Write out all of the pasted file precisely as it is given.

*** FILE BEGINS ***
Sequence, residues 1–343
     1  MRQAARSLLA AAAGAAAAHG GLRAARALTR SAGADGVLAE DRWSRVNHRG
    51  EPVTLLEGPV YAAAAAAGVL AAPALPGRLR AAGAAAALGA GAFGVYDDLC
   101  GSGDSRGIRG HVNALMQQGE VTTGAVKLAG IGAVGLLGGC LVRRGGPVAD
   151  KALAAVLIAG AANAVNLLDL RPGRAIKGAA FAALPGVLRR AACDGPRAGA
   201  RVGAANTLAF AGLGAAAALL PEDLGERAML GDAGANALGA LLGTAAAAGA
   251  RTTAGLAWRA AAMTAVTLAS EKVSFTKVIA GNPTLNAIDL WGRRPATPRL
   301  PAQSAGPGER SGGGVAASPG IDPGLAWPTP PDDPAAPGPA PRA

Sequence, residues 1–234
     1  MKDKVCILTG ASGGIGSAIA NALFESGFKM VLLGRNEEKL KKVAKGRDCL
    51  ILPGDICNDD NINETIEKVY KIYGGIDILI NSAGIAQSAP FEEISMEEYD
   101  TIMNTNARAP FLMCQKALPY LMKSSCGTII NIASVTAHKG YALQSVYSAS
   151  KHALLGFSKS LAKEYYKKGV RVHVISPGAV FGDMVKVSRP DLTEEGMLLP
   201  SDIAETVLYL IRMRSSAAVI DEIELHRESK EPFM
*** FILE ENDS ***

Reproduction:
Sequence, residues 1–343
     1  MRQAARSLLA AAAGAAAAHG GLRAARALTR SAGADGVLAE DRWSRVNHRG
    51  EPVTLLEGPV YAAAAAAGVL AAPALPGRLR AAGAAAALGA GAFGVYDDLC
   101  GSGDSRGIRG HVNALMQQGE VTTGAVKLAG IGAVGLLGGC LVRRGGPVAD
   151  KALAAVLIAG AANAVNLLDL RPGRAIKGAA FAALPGVLRR AACDGPRAGA
   201  RVGAANTLAF AGLGAAAALL PEDLGERAML GDAGANALGA LLGTAAAAGA
   251  RTTAGLAWRA AAMTAVTLAS EKVSFTKVIA GNPTLNAIDL WGRRPATPRL
   301  PAQSAGPGER SGGGVAASPG IDPGLAWPTP PDDPAAPGPA PRA

Sequence, residues 1–234
     1  MKDKVCILTG ASGGIGSAIA NALFESGFKM VLLGRNEEKL KKVAKGRDCL
    51  ILPGDICNDD NINETIEKVY KIYGGIDILI NSAGIAQSAP FEEISMEEYD
   101  TIMNTNARAP FLMCQKALPY LMKSSCGTII NIASVTAHKG YALQSVYSAS
   151  KHALLGFSKS LAKEYYKKGV RVHVISPGAV FGDMVKVSRP DLTEEGMLLP
   201  SDIAETVLYL IRMRSSAAVI DEIELHRESK EPFM